Solar energy for residential houses is nothing new. It has just been relegated to the background in lieu of rising cost of real estate; due to more sophisticated constructing materials, layout and the limitation of resources.
Since man started constructing homes, sunlight played a major influence in the design. Actually, even in the a lot more sophisticated urban planning technique of the Ancient Chinese and Greeks, the orientation from the buildings is as much as possible directed towards wherever it could capture one of the most sunlight.
The ancients may not be as intellectually sophisticated then to use catch phrases as passive solar and thermal mass nevertheless when they build, they were building in compact proportion, employing overhangs, producing insulations and building in manners that direct the airflow through the structure and producing well lit, well ventilated spaces using the relative position from the sun to the orientation of their structures.
Recently, as the traditional sources of energy became more expensive, homeowners were once again turning to the sun for power requirements.
Because the 1950’s, harnessing the sun’s rays has been developing and these days the solar cell products has achieved very efficient levels that modern (so-called green house) designs apply the sun’s power to provide energy for the home.
Whilst solar energy is free, the device which will convert it to run our appliances. To supply solar energy for the home, solar cells known as photovoltaic created from semi-conducting materials, are grouped into modules. These solar panels are mounted on rooftops, yards or open spaces where it can get the maximum amount of sunlight.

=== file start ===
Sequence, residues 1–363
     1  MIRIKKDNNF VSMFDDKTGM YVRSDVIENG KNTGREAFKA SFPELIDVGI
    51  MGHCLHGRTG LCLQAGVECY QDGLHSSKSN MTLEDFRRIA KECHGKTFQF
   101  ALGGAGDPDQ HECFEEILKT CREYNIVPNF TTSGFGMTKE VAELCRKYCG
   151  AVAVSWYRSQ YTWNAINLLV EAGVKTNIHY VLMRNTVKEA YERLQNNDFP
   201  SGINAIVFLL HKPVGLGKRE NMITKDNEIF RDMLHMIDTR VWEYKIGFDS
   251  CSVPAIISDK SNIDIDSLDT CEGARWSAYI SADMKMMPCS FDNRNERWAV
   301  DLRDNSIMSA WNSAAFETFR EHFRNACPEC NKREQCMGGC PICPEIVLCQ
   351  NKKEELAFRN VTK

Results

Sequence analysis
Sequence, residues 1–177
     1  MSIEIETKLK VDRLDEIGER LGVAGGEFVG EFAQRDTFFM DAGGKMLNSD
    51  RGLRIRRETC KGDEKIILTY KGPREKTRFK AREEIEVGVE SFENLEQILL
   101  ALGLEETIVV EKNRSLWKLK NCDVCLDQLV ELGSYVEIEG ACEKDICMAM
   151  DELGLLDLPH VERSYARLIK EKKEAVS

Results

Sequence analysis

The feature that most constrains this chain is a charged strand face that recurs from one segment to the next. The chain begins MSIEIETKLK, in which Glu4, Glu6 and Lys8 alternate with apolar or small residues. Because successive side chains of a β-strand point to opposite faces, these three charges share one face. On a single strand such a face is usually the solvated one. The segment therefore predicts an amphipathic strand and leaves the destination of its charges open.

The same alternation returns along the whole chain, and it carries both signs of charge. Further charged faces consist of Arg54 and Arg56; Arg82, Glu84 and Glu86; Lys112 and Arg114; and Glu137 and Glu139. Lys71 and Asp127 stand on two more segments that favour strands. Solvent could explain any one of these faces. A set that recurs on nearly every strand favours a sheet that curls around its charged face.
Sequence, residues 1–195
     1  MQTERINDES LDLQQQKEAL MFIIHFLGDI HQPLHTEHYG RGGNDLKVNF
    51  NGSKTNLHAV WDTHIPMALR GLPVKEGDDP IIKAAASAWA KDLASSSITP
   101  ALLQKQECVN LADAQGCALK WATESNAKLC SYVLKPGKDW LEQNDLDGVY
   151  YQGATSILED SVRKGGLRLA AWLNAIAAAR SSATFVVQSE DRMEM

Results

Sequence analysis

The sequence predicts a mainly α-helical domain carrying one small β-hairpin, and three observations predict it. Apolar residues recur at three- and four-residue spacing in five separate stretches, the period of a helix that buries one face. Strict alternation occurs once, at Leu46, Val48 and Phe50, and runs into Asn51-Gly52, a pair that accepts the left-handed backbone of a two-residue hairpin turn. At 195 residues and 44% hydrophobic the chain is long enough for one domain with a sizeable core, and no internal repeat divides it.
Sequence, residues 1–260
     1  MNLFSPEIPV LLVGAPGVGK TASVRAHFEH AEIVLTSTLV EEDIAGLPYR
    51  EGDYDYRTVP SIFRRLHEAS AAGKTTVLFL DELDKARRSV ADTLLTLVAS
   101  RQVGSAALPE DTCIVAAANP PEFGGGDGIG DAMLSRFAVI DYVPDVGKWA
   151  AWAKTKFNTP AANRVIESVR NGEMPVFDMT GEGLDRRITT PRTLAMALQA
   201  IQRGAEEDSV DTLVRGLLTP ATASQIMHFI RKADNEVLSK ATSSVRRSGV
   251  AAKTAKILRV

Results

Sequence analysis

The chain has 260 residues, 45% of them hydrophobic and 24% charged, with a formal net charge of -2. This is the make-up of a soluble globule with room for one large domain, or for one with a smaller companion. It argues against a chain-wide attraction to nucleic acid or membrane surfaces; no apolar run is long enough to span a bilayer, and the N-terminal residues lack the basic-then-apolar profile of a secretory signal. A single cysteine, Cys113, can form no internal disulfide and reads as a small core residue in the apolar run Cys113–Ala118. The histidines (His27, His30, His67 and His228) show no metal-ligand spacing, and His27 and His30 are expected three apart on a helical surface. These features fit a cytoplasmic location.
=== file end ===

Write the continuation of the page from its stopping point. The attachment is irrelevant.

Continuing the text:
Whenever possible, the panels is going to be installed facing south to obtain one of the most out of the sunlight but tracking systems are also used to follow the direction of the sun. The solar panels collect the power from the sunlight. The process basically is that when the panels are exposed to sunlight, the electrons are separated form the atoms. This movement of the electrons creates electrical power.
To save energy, pumps are often used – circulating water in the cells. The water goes into a storage tank where the power is stored, ready for use. Occasionally, the use of gravity is employed if it will just the same store the heated water in to the tank.
In spite of all the improvement in solar energy though, the use of this technology isn’t enough to provide power to the whole home. The best technique until now can only fulfill about 80% of a households energy needs. The employment of solar energy for the home will still need the use of the traditional energy distribution technique.
Powering the homes by solar means will still, for a while be augmented by a local power distribution agency. To many, this is already a great starting point. Homeowners that feel that the high price of powering their houses via solar power, is justified when compared to the cost that is now becoming paid for conventional electrification method where horrendous amounts of CO2 are becoming dumped into the atmosphere just to generate a pitiful amount of electricity.
However, due in part to the rising costs of power, the technologies for solar energy has been undergoing rapid phases of improvement. Experts are confident that within five years, powering the home through the solar method is going to be created widely obtainable for those who prefer it as its sole energy source.
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